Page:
As it happened in the Charles Starrett films, Bob's role grew in stature until he became Roy's second lead. The billing became "Bob Nolan and the Sons of the Pioneers". Bob certainly fit the image of a Westerner or a Cowboy and the athletic actor did his own stunts when necessary. "He had this magnificent physique, a wais about twenty-eight inches and shoulders that looked about three feet wide," Rogers remembers. "When we were on location sometimes we would do muscleman-type handstand tricks. I was the little guy on the lot."

            Somehow, in the middle of films, radio shows and personal appearances, Nolan and Spencer still found time to write truly fine Western songs, many of them for the Roy Rogers films. When Lloyd Perryman and Pat Brady were called to World War II duty in 1943 and 1944, their places in the Sons of the Pioneers were capably filled by tenor Ken Carson and vocalist, comedian, bass player Shug Fisher, respectively. Lloyd and Pat returned to the Pioneers in 1946. The combination of Roy Rogers and the Sons of the Pioneers meant box-office magic (as it continues to do today) and when Gene Autry enlisted in the Army Air Corps, Roy became "King of the Cowboys," holding the Number One Cowboy title for twelve consecutive years, breaking into Hollywood's Top Box Office Ten in 1945 and 1946.

            With the exposure from Roy's films, their RCA records, the Roy Rogers radio program, guest shots on other network shows, and a new series of fifteen-minute radio transcriptions for Teleways, Bob Nolan and the Sons of the Pioneers were riding high on a crest of popularity. The demand for public appearances increased to the point that the Pioneers decided to leave the Roy Rogers films to devote more time to touring and live concerts. So, in late 1948, after completing Night Time in Nevada, their last film with Roy, the Sons of the Pioneers hit the trail, setting events in motion that would bring a change in the Pioneer guard.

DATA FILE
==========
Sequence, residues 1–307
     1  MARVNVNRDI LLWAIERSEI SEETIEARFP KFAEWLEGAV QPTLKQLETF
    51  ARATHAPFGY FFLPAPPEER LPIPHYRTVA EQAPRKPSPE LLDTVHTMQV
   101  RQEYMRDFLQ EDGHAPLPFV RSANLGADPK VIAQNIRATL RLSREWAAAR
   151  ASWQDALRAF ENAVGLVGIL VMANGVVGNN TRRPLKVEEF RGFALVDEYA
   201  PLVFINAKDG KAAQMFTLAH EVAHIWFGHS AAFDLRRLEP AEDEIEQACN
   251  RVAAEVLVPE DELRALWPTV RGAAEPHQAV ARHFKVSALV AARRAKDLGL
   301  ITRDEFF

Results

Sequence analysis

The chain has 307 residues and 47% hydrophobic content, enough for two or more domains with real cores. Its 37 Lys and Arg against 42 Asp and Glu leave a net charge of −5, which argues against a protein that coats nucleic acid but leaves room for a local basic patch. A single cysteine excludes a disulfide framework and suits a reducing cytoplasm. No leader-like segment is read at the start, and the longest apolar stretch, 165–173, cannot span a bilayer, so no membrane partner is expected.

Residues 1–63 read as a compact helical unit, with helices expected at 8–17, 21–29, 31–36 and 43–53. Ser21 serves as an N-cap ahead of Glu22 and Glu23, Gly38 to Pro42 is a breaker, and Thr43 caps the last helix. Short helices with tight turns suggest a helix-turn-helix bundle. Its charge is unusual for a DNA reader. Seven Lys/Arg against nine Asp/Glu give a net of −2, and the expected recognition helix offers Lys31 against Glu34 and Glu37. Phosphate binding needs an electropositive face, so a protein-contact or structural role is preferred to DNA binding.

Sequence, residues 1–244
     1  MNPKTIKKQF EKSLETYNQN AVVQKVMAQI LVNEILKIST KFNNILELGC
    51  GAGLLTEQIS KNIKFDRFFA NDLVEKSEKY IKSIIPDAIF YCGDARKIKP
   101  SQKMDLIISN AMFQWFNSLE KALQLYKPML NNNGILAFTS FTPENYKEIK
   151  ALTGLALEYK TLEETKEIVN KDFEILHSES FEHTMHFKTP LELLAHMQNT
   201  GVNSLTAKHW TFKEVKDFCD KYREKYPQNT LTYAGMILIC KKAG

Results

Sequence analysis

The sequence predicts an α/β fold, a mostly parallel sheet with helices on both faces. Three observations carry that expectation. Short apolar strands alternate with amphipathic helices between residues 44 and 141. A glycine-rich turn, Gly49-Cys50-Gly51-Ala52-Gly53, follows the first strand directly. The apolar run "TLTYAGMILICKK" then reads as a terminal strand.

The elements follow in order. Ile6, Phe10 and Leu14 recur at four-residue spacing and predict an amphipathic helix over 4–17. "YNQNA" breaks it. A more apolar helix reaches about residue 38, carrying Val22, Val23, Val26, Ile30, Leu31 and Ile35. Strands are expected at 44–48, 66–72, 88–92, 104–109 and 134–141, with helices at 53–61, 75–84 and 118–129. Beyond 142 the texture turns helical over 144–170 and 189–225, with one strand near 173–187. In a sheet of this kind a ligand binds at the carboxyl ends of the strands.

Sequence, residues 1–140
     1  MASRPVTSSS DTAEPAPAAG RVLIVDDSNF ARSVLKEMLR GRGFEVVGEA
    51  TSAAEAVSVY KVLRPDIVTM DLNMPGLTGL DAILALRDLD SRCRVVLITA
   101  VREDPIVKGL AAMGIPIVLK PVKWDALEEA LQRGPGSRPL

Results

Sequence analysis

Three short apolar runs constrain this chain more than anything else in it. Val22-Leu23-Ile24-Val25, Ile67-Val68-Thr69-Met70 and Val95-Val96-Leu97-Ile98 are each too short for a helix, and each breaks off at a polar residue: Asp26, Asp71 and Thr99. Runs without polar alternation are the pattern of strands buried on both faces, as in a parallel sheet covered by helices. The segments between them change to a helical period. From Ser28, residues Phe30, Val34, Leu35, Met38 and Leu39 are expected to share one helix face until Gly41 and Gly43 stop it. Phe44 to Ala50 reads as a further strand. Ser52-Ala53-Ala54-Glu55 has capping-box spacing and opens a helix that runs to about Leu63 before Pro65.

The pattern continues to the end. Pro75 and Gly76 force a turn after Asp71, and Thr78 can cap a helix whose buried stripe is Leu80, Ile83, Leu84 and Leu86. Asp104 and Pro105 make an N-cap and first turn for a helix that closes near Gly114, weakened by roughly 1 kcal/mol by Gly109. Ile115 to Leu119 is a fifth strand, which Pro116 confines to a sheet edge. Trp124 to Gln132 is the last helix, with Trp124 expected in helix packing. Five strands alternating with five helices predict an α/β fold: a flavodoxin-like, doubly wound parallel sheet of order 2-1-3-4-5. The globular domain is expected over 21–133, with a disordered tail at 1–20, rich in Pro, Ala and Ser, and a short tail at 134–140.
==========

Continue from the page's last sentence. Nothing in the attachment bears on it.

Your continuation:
The Nolans had rented a cabin near Big Bear Lake in the San Bernardino Mountains from one of Bob's co-workers at Republic. They enjoyed it so much that they bought it as a place to spend their leisure time, relaxing and fishing. Nature and the outdoors had remained an important part of Bob Nolan's existence. However, with the Sons of the Pioneers now on tour, his free time was more limited than ever. Bob didn't particularly like the pressures of appearing in public or the constant traveling – he was home for only nine days in the first twelve months of their tour. Yearning for the privacy and solitude necessary to write and drawn by the same forces that took him from college twenty years earlier, Bob talked of phasing out of the traveling Pioneers and eventually from performing altogether.